I thought I was a genius to come up with the “Garden On” part – I have a Topiary Crown design for heavens sake! After a quick google search I discovered people were already using the phrase. Phooey. Nevertheless this one is fun and different and makes a great set of notecards for your favorite gardener. I love the dark magenta text- it pulls out the color of the pink geraniums in the urn. On the back the card is titled “From The Queen”. chuckle…

I would seriously love to get one of these in the mail from a fellow gardener! I may have to mail myself one just to be sure! ; ) Click here for more info or to order!




Fabulous Friday Find: Linwood Gardens

Linwood Gardens were created by William Henry Gratwick II from Buffalo, New York as a country home in the years between 1901 and 1910. Architect Thomas Fox designed portions of the craftman style Big House and all of the original garden areas.

In 1933, William H. Gratwick III moved to Linwood with his family and set up the Rare Plants Nursery. The Japanese Tree Peony became a feature of the nursery and the gardens. As an artist, landscape architect and horticulturist, WHG III contributed sculpture and new garden areas to the Linwood landscape. His wife, Harriet Gratwick, directed a community music school on the property from 1946-1963. Linwood also hosted a wide variety of cultural activities during those years.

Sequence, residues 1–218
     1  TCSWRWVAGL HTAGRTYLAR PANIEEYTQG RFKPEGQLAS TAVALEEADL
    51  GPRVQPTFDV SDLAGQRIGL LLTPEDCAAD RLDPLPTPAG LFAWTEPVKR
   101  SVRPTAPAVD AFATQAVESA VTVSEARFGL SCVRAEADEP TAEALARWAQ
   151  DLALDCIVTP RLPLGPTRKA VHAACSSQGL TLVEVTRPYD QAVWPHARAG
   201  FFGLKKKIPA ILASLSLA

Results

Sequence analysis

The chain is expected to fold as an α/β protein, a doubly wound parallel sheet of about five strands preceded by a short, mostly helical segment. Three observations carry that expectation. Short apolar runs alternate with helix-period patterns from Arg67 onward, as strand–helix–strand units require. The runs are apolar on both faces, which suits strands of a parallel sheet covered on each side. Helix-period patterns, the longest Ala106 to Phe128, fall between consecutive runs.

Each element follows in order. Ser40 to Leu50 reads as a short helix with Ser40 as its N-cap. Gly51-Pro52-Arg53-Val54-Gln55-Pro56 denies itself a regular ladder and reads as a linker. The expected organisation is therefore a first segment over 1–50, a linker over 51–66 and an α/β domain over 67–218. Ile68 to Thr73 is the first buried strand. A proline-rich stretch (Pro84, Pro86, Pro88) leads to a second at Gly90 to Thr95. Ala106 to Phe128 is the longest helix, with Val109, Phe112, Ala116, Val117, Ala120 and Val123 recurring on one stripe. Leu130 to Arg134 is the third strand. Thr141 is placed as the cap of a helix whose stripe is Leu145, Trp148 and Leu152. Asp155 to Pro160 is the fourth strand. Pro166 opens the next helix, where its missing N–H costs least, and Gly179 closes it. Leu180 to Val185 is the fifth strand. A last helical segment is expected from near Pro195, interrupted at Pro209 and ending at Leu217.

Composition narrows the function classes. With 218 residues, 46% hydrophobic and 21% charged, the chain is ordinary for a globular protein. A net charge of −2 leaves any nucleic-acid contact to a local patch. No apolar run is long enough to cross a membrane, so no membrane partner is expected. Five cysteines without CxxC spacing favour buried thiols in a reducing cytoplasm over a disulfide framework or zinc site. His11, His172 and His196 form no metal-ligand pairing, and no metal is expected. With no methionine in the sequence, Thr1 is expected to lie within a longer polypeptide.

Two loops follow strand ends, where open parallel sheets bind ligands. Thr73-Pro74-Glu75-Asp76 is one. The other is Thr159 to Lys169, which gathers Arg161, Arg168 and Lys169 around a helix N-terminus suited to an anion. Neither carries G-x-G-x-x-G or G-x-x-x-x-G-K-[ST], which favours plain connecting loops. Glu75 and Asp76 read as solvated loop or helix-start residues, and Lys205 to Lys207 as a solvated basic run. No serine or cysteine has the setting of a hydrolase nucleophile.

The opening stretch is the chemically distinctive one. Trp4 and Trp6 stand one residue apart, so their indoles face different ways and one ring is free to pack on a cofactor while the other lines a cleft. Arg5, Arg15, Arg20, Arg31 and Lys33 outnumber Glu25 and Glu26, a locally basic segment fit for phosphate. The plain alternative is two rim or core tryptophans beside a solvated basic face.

Lee Gratwick, WHG III’s daughter, is now living at Linwood and is working to preserve the Tree Peony Collection, the gardens, and the Big House.  (From promotional literature.)

The Craftsman style Big House. The interior spaces are sparse with wide wood floors, large mouldings, a beautiful fireplace and craftsman style furniture-  simple, weighty and honest.

The view from the house looking through the side portico.

The Italian Garden with a stone sculpture by WHG III.

Inside the Italian Garden.

The arbor next to the swimming pool.

The stone Labyrinth on the grounds of the old tennis court.

The Perennial and Vegetable Gardens.

The Lily Pool with a sculpture by WHG III of a tree peony blossom.

The view from the Italian Garden.

And… last but not least Oscar, the energetic people greeter.

For more information on the Tree Peony Festival of Flowers and Linwood Gardens click Here.

 

 




ABOUT

Hi, I'm Michelle. I am an artist/designer specializing in unique topiary themed illustrations for the Home & Gardener. I live on a farm in Upstate New York with my husband, aka Farmboy, my two children affectionately known as "La La" and "the Bean" and a small petting zoo of other family members.

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This blog and all of the creative elements ie., written content, illustrations and photographs are the sole property of Michelle Masters Studio and cannot be reproduced in any form without the artist's permission.